Despite a close under-skin relationship with the Audi Q7, Porsche Cayenne and the Lamborghini Urus, the Volkswagen Touareg continues to bask in the shadows of its more fancied cousins but it has distinct styling and it’s also pitched and priced as a premium alternative to the BMW X5, Mercedes-Benz GLE and Range Rover Sport.
This Executive model unit is equipped with the Black Style Package, a R41,500 option that adds blackened chrome elements, front air intake and grille, roof rails and exterior mirror housings. The bumpers too are "R" style and it’s perched on black 21-inch Suzuka alloy wheels.
The "Black Pack" gives this large SUV a sinister race-face that I didn’t like, and that's equally at odds with the fancy place that greets you when you climb aboard.
The Innovision cockpit dominates with class and a 38.1cm brilliant graphics main display. It’s one of the largest I’ve seen in the segment and it’s a deep labyrinth of touch-activated, tactile and mostly quick and intuitive infotainment features. Another 30.4cm digital screen houses the driver’s array of instrumentation.
Both are stacked with every conceivable high-end feature you’d want in a premium SUV, including optional head-up display and standard matrix headlamps.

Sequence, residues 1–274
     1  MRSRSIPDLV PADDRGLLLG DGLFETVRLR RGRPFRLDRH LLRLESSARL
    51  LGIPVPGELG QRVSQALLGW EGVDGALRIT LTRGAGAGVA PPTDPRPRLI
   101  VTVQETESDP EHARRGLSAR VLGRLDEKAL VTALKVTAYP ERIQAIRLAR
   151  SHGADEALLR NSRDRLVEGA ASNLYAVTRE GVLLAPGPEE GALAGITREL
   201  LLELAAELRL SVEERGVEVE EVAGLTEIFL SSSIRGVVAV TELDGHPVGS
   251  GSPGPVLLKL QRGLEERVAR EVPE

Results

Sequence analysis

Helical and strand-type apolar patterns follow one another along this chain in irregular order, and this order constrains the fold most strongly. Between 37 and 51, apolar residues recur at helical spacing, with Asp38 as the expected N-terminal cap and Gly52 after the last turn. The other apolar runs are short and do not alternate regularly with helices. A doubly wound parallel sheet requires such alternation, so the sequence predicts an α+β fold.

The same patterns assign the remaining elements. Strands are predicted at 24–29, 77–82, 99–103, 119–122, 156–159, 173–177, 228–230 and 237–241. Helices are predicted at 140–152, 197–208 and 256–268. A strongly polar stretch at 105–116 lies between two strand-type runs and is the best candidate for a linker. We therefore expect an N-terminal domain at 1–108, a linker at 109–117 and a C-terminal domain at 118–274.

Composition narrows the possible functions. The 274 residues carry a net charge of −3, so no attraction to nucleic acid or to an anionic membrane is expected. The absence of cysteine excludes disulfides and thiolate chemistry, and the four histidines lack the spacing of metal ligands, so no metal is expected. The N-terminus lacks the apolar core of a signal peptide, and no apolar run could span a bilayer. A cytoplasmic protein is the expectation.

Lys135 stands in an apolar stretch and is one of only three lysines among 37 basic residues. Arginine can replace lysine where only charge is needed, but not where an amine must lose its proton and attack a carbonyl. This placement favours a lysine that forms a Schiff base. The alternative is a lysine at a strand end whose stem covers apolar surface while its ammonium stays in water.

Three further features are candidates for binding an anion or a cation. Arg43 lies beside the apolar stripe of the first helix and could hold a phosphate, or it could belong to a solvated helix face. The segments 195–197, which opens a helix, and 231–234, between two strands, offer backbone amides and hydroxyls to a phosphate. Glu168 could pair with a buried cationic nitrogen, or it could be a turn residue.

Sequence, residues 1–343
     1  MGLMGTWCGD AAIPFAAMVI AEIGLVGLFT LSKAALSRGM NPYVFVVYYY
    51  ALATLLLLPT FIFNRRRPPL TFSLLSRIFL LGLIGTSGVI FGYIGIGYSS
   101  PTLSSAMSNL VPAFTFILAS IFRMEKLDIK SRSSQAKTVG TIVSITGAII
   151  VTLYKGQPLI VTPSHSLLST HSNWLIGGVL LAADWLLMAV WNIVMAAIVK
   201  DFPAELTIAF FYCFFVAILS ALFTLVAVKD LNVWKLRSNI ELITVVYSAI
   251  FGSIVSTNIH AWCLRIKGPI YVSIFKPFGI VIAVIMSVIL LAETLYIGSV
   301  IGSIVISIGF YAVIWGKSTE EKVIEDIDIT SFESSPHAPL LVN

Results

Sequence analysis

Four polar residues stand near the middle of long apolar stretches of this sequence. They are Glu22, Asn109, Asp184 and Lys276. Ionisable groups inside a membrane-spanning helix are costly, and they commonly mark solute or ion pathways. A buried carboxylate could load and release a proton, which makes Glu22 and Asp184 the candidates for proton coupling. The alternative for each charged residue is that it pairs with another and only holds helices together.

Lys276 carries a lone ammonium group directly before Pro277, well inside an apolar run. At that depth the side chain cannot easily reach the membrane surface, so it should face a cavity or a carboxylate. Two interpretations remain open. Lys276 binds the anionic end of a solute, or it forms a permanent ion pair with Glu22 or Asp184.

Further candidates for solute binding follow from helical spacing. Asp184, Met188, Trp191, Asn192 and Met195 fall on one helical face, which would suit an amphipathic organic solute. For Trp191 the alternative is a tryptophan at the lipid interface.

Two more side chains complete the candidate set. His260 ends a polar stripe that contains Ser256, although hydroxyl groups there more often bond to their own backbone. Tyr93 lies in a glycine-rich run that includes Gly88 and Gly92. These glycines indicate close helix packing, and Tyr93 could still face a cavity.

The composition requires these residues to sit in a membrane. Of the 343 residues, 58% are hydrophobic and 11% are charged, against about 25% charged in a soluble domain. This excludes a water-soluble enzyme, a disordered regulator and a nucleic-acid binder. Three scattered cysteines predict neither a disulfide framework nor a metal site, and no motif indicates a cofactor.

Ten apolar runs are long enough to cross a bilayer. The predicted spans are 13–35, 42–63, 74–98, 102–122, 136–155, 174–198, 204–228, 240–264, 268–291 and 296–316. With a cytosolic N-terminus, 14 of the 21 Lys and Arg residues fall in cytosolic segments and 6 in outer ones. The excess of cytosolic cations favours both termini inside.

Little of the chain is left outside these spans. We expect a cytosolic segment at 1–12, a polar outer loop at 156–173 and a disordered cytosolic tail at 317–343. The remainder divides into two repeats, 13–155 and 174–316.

It's immediately obvious that Volkswagen has prioritised comfort and luxury over the belligerence of its exterior design and the 2,895mm wheelbase for four or five passengers has 810l of boot space that increases to a very usable 1,800l with the leather-clad rear seats folded. The interior is spacious and plush, and doesn’t feel low rent whatsoever when compared to its cousins with more premium badges.
Type: V6 turbo diesel
Type: Eight-speed automatic
Type: Full-time 4X4
Top speed: 231km/h
0-100km/h: 6.1 sec
Fuel Consumption: 7.1l/100km (as claimed) 10.1l/100km (as tested)
The Touareg is one of the early adopters of adjustable air-suspension and the latest damping technology is at a supreme level. It seems good at dealing with bumps in its normal mode and when its softer comfort mode is selected it doesn’t heave about clumsily, and maintains a respectable level of sturdiness under enthusiastic cornering.
Thumb in sport and the suspension hunkers down for better grip levels which proved good rather than modest owing to standard fitment four wheel steering. The 3.0l V6 TDI with 190kW and 600Nm engine that’s mated to an eight-speed automatic transmission revs freely and has plenty of lowdown muscle when poked from its slumbers. Performance is acceptably brisk, and the 6.1 sec to 100km/h and 231km/h top speed are ballpark figures in the diesel six-cylinder powered large SUV segment it competes in.
The robust torque also bodes well for use of its integrated mountaineering equipment of a low-range gear and off-road height mode. A short bush drive revealed it’s also at home in the rough but the wide and large diameter alloys will limit your game tracking sport.
Ultimately the Touareg’s comfortable underpinnings make it happiest when cruising in a hushed and stately progress on normal roads. It devoured an average 10.5l/100km/h during the test period of mostly relaxed and sometimes hurried driving styles. It’s quite unlikely I would opt for the Batman suit bits though as the Touareg looks stunning in its regular frock.